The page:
Look again at the proposals the corporate reformers have made prominent features of school reform efforts in every state: rapid expansion of charters, closing low performing schools, more testing, elimination of tenure and seniority for teachers, and test-based teacher evaluation.  If every one of these policies were fully implemented in every state tomorrow, it would do absolutely nothing to close academic achievement gaps, increase high school graduation rates, or expand access to college.  There is no evidence tying any of these proposals to better outcomes for large numbers of kids over time.  The greatest gains in reducing gaps in achievement and opportunity have been made during periods when concentrated poverty has been dispersed through efforts at integration, or during economic growth for the black middle class and other communities, or where significant new investments in school funding have occurred.

Or take the issue of poverty.  Most teachers agree that poverty is no excuse for lousy schooling; much of our work is about proving that the potential of our students and communities can be fulfilled when their needs are met and the reality of their lives is reflected in our schools and classrooms.  But in the current reform debates, saying poverty isn’t an excuse has become an excuse for ignoring poverty.

Corporate reform plans being put forward do nothing to reduce the concentrations of 70/80/90% poverty that remain the central problem in urban education.  Instead, educational inequality has become the entry point for disruptive reform that increases instability throughout the system and creates new forms of collateral damage in our most vulnerable communities.

The “disruptive reform” that corporate reformers claim is necessary to shake up the status quo is increasing pressure on 5,000 schools serving the poorest communities at a time of unprecedented economic crisis and budget cutting.  The latest waiver bailout for NCLB announced recently by Sec. Duncan would actually ratchet up that pressure.  While it rolls back NCLB’s absurd adequate yearly progress system just as it was about to self-destruct, the new guidelines require states that apply for waivers to identify up to 15% of their schools with the lowest scores for unproven “turnaround” interventions, “charterization,” or closing.

Teachers and schools, who in many cases are day to day the strongest advocates and most stable support system struggling youth have, are instead being scapegoated for a society that is failing our children.  At the same time, corporate reformers are giving parents triggers to blow up the schools they have, but little say and no guarantees about what will replace them.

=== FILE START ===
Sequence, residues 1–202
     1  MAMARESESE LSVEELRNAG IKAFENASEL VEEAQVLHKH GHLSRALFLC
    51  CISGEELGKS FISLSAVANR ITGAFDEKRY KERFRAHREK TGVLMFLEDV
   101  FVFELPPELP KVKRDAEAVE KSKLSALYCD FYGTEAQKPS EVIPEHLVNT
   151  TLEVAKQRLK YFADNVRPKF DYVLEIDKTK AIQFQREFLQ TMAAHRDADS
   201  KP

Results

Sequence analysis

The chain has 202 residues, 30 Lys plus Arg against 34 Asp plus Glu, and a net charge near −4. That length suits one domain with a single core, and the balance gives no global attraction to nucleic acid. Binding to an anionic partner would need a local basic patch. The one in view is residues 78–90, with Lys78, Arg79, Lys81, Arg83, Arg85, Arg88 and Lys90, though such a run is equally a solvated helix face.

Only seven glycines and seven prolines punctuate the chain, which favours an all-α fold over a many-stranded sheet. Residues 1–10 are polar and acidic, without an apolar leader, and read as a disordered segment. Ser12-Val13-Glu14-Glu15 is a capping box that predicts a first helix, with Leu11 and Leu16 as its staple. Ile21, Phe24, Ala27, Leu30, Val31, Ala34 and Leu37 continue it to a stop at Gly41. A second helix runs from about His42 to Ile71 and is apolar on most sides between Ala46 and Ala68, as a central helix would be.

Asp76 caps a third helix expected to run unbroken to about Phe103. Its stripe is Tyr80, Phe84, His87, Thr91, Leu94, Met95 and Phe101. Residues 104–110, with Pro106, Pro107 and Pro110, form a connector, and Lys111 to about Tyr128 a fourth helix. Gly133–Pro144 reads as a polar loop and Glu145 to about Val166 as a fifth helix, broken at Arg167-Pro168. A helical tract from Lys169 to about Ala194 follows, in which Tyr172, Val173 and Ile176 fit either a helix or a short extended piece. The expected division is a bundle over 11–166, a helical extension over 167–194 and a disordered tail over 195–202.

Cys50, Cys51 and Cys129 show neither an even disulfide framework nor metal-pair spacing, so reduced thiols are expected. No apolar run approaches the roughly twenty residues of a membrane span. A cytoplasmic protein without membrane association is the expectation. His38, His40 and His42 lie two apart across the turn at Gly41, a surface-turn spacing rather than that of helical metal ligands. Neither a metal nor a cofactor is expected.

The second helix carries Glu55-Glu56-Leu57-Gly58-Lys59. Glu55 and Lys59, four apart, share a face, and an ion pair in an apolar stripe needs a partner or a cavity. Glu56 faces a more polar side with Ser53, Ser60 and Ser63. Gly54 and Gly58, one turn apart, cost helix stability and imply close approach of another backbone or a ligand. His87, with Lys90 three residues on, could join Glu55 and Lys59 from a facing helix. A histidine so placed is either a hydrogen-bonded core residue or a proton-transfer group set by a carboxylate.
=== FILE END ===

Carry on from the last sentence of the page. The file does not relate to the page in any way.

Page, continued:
The only thing corporate ed reform policies have done successfully is bring the anti-labor politics of class warfare to public schools. By overreaching, demonizing teachers and unions, and sharply polarizing the education debate, corporate reform has undermined serious efforts to improve schools.  It’s narrowed the common ground and eroded the broad public support a universal system of public education needs to survive.

For example, there is actually a lot of common ground on the need to improve teacher support and evaluation.  There’s widespread agreement among educators, parents, and administrators on the following suggestions for improvement:

  • better preparation and evaluation before new teachers get tenure (or leave the profession, as 50% do within 5 years).
  • reasonable, timely procedures for resolving tenure hearings when they are initiated.
  • a credible intervention process to remediate and if necessary remove ineffective teachers, tenured and non-tenured.

Good models for each of these ideas exist, many with strong teacher union support, but overreaching by corporate reformers has detached the issue of teacher quality from the conditions that produce it.  Their experiments are staffing our most challenging schools with novices or Teach for America temps on their way to other careers.  Corporate reform plans are pouring hundreds of millions of dollars into data systems and tests designed to replace collaborative professional culture and experienced instructional leadership with a kind of psychometric astrology.  These data-driven formulas lack both statistical credibility and a basic understanding of the human motivations and relationships that make good schooling possible.  Instead of “elevating the profession,” corporate reform is downsizing and micromanaging it.